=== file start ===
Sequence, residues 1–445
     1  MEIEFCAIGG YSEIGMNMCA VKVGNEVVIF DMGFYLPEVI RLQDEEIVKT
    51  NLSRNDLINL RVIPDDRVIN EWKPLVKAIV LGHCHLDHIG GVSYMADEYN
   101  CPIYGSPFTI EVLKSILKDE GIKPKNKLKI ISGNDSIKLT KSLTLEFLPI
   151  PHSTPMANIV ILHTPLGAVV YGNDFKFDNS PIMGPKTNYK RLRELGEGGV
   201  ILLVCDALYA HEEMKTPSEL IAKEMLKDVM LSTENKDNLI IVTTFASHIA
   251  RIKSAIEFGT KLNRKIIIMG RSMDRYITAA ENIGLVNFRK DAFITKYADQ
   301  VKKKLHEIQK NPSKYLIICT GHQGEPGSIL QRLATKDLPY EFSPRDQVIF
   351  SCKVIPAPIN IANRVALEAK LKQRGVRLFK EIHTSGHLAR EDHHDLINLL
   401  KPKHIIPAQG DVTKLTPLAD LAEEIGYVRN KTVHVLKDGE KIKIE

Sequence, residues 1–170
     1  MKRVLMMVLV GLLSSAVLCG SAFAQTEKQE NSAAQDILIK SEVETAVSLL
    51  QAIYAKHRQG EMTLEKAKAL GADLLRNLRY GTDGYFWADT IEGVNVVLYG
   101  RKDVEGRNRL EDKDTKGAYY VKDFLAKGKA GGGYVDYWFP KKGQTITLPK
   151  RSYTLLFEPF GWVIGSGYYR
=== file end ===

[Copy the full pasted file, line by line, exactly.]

Sequence, residues 1–445
     1  MEIEFCAIGG YSEIGMNMCA VKVGNEVVIF DMGFYLPEVI RLQDEEIVKT
    51  NLSRNDLINL RVIPDDRVIN EWKPLVKAIV LGHCHLDHIG GVSYMADEYN
   101  CPIYGSPFTI EVLKSILKDE GIKPKNKLKI ISGNDSIKLT KSLTLEFLPI
   151  PHSTPMANIV ILHTPLGAVV YGNDFKFDNS PIMGPKTNYK RLRELGEGGV
   201  ILLVCDALYA HEEMKTPSEL IAKEMLKDVM LSTENKDNLI IVTTFASHIA
   251  RIKSAIEFGT KLNRKIIIMG RSMDRYITAA ENIGLVNFRK DAFITKYADQ
   301  VKKKLHEIQK NPSKYLIICT GHQGEPGSIL QRLATKDLPY EFSPRDQVIF
   351  SCKVIPAPIN IANRVALEAK LKQRGVRLFK EIHTSGHLAR EDHHDLINLL
   401  KPKHIIPAQG DVTKLTPLAD LAEEIGYVRN KTVHVLKDGE KIKIE

Sequence, residues 1–170
     1  MKRVLMMVLV GLLSSAVLCG SAFAQTEKQE NSAAQDILIK SEVETAVSLL
    51  QAIYAKHRQG EMTLEKAKAL GADLLRNLRY GTDGYFWADT IEGVNVVLYG
   101  RKDVEGRNRL EDKDTKGAYY VKDFLAKGKA GGGYVDYWFP KKGQTITLPK
   151  RSYTLLFEPF GWVIGSGYYR